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Commentaries on the Laws of England: In Four Books, Volume 1
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act of parliament afterwards antient appointed authority bishop body called canon canon law chapter church civil law clergy common law consent considered constitution contract corporations council court crown custom death declared dignity duke duty ecclesiastical Edward the Confessor election enacted established executive father formerly granted guardian hath heirs Henry Henry VIII hereditary honour house of lords inheritance Inst Ireland judges jurisdiction justice Justinian king king's kingdom knights land laws of England legislature letters patent liberty Litt lord magistrate majesty marriage matter ment municipal law nation nature necessary oath observed offence parish particular peace peers person prerogative present prince principle privileges privy privy counsellors prorogation punishment queen realm reason regard reign repealed revenue royal rule scutages servant settlement sheriff sir Edward Coke Stat statute tion tithes unless vested VIII void wherein writ
Page 418 - That the raising or keeping a standing army within the kingdom in time of peace, unless it be with consent of parliament, is against law.
Page 446 - For this reason, a man cannot grant anything to his wife, or enter into covenant with her: for the grant would be to suppose her separate existence; and to covenant with her, would be only to covenant with himself...
Page 6 - a liberty for every one to do what he lists, to live as he pleases, and not to be tied by any laws"; but freedom of men under government is to have a standing rule to live by, common to every one of that society and made by the legislative power erected in it, a liberty to follow my own will in all things where the rule prescribes not, and not to be subject to the inconstant, uncertain, unknown, arbitrary will of another man; as freedom of nature is to be under no other restraint but the law of nature.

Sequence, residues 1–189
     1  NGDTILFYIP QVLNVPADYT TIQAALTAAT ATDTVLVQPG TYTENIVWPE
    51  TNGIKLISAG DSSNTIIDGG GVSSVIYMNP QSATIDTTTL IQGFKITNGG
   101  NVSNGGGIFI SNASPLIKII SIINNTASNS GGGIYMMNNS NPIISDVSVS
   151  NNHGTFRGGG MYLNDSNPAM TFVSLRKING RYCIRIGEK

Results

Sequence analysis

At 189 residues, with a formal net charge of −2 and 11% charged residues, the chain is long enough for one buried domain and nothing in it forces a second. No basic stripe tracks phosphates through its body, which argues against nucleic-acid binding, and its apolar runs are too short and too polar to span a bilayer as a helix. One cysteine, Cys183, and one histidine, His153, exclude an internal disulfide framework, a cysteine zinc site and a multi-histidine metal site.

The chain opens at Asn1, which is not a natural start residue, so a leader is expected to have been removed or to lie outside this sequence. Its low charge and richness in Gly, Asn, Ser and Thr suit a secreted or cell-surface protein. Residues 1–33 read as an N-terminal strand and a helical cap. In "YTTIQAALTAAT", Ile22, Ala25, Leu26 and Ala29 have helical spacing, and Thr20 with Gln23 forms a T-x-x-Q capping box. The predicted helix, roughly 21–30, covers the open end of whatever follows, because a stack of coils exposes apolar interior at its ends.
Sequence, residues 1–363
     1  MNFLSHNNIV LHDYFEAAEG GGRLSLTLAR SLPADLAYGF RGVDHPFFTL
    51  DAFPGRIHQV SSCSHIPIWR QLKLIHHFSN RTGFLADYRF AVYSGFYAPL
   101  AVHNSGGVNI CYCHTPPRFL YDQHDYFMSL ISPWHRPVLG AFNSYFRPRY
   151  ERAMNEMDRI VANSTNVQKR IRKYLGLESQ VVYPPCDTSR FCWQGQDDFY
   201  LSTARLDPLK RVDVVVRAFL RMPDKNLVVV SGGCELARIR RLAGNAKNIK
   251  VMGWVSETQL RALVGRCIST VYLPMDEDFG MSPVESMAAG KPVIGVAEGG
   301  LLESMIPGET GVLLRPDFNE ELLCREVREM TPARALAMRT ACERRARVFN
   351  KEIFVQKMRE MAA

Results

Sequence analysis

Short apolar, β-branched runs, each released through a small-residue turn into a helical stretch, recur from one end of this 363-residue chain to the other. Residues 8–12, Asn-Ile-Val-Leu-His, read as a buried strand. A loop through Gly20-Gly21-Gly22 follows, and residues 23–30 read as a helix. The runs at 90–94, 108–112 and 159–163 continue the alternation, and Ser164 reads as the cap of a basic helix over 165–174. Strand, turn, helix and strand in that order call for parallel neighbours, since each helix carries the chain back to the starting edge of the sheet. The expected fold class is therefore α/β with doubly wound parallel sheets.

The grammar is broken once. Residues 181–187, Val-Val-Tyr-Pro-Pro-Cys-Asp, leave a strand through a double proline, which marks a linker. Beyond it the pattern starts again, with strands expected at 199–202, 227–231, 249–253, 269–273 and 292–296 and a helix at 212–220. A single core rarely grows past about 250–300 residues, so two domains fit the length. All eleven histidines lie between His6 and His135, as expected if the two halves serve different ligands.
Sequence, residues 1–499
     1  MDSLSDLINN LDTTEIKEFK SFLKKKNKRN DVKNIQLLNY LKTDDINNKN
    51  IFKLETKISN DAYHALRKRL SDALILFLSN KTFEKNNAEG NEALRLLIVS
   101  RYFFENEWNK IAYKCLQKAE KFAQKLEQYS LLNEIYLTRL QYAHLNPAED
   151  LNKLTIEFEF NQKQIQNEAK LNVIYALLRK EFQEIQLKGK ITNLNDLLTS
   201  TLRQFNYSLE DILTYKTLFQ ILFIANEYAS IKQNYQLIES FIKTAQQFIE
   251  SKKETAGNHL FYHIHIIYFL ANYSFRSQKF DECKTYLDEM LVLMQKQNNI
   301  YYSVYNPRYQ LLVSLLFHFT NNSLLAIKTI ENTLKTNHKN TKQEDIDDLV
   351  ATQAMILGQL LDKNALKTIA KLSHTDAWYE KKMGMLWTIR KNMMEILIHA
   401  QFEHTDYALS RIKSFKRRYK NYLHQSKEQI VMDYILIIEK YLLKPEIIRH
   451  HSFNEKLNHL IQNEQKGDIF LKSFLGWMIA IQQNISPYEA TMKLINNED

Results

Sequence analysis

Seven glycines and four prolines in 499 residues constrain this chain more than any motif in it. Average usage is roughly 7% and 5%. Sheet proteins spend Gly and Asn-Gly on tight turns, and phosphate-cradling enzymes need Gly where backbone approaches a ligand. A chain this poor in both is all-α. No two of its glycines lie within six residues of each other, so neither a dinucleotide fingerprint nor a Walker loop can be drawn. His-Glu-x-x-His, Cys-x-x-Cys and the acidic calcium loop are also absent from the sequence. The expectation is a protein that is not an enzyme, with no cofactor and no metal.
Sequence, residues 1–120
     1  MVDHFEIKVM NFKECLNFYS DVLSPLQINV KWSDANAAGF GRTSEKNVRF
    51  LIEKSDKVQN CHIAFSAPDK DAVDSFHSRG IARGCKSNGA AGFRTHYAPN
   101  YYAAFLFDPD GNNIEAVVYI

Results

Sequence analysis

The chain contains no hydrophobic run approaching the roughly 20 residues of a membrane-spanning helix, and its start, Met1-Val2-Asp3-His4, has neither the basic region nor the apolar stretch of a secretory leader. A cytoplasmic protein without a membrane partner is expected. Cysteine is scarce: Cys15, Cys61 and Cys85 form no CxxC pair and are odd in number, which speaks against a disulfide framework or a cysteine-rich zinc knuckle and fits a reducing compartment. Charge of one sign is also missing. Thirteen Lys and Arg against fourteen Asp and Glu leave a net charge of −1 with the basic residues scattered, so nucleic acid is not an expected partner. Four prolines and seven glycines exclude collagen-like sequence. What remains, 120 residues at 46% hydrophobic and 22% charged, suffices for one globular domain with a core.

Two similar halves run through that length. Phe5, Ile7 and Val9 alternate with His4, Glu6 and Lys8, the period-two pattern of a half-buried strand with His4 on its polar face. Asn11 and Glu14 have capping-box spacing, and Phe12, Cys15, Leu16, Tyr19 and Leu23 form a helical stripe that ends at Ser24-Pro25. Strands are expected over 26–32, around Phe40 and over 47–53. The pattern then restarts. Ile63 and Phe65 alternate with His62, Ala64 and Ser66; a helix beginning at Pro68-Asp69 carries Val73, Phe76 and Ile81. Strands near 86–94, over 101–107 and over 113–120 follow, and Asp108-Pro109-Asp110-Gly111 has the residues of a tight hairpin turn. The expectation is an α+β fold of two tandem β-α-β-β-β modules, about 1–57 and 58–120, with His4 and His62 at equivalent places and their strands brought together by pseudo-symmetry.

Page 47 - ... the whole should protect all its parts, and that every part should pay obedience to the will of the whole; or, in other words, that the community should guard the rights of each individual member, and that (in return for this protection) each individual should submit to the laws of the community; without which submission of all it was impossible that protection could be certainly extended to any.
Page 234 - Will you to the utmost of your power maintain the laws of God, the true profession of the gospel and the Protestant reformed religion established by law? and will you...
Page 125 - This natural liberty consists properly in a power of acting as one thinks fit, without any restraint or control, unless by the law of nature;' being a right inherent in us by birth, and one of the gifts of God to man at his creation, when he endued him with the faculty of free will.
Page 60 - that whoever drew blood in the streets should be punished with the utmost severity,' did not extend to the surgeon who opened the vein of a person that fell down in the street in a fit.
Page 208 - recognize and acknowledge, that immediately upon the dissolution and decease of Elizabeth, late queen of England, the imperial crown thereof did by inherent birthright, and lawful and undoubted succession, descend and come to his most excellent majesty, as being lineally, justly, and lawfully, next and sole heir of the blood royal of this realm.
Page 133 - Law of the Land. IV. And in the eight and twentieth Year of the Reign of King Edward the Third, it was declared and enacted by Authority of Parliament, That no Man of what Estate or Condition that he be, should be put out of his Land or Tenements, nor taken nor imprisoned, nor disherited, nor put to Death, without being brought to answer by due Process of Law : V.